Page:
Yes, Marcus & Millchamp CEO Hessam Nadji told CNBC in a recent report.
In an attempt to avoid a repeat of 2008’s devastating market crash, lenders and builders have taken more conservative approaches to how they are doing business. Builders have and will continue to reduce speculation, while lenders have become notoriously tight with purse strings since 2008.
The 2008 crash left a veritable wasteland of construction projects left unfinished. Money and financial backing had simply dried up. Entire spec neighborhoods sat unfinished in many areas of the country.
In November, there were a mere 1.66 million homes on the market, the lowest ever for a November, according to the National Association of Realtors. Housing supply is down nearly 6 percent from the same period in 2018. We all know how supply and demand works. When supply is low and demand is high, prices can skyrocket. And they have. The median sales price for existing homes in November was $271,300. It’s another record, according to NAR.
The housing shortage, which may be the 2020 crisis headline, is more of an issue in the starter home category. Supply is down 15 percent for homes priced less than $100,000, which is why real estate rentals and construction of rental properties is booming, even in Charlotte. Supply for homes priced $100,000 to $250,000 was down 7 percent annually.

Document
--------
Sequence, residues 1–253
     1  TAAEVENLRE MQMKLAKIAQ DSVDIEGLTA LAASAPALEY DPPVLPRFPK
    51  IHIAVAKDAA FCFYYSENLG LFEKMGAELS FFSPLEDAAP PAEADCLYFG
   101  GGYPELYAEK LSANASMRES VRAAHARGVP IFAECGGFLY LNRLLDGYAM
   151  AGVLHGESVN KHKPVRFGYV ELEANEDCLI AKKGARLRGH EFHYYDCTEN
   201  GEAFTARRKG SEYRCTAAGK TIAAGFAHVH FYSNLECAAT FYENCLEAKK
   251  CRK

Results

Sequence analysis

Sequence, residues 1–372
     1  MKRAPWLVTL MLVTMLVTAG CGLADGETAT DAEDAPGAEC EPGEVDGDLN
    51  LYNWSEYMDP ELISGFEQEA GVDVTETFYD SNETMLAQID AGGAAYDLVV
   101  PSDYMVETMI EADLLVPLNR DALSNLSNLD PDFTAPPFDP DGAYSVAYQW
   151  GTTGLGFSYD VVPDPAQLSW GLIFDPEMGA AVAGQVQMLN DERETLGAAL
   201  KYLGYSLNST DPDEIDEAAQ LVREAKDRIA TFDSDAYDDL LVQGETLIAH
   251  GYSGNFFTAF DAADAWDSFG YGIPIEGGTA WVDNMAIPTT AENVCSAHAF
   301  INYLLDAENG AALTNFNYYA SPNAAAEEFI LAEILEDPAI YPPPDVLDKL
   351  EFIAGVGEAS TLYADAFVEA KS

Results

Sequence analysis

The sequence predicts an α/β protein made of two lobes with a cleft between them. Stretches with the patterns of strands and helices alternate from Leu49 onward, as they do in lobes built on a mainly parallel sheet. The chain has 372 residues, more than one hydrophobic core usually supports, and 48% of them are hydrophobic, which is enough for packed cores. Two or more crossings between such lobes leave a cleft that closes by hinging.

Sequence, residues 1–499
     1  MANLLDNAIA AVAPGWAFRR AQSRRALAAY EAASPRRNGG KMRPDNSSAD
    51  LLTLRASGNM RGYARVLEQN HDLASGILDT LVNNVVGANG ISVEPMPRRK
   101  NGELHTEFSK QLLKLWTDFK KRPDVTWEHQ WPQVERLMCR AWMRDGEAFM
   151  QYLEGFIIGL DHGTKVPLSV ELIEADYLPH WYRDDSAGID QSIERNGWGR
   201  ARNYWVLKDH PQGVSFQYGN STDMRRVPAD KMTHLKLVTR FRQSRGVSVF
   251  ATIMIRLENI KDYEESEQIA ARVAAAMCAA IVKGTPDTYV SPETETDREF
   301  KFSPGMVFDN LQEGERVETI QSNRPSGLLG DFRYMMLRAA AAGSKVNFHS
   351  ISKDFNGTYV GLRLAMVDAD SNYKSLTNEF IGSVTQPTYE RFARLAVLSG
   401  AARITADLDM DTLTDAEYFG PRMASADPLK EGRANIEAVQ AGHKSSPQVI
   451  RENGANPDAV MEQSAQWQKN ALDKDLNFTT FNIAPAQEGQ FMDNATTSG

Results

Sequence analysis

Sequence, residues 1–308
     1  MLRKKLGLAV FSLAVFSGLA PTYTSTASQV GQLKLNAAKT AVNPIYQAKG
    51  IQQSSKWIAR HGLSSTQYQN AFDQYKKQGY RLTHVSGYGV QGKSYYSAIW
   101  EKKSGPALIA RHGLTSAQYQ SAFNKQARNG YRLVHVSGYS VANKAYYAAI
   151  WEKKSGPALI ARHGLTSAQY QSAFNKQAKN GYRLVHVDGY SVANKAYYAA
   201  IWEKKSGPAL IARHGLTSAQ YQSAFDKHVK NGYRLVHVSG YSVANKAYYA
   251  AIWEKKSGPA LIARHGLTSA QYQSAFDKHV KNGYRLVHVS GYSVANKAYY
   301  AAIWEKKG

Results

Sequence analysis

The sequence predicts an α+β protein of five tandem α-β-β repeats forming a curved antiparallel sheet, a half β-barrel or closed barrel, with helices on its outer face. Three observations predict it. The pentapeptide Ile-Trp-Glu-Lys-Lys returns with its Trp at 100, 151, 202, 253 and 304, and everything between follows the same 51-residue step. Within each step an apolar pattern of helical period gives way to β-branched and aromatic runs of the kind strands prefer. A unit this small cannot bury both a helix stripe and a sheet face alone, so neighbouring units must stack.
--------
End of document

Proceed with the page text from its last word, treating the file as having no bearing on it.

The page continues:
Builders are focusing on more high-end homes to increase profitability, which is partially to blame for the shortage of starter homes available. According to Najdi to CNCBC, that is a problem on both the for sale and apartment rental markets.
Nationally, housing supply is only growing on the high end, where demand is naturally the lowest. A stronger job market and lower interest rates are fueling market demand.
The United States is the land of plenty, but we do not need to see the over-leveraged and overbuilt houses of 2008. While extremely frustrating for home buyers, Nadji told CNBC it’s a smart economic move for the country. For the full report, see CNBC.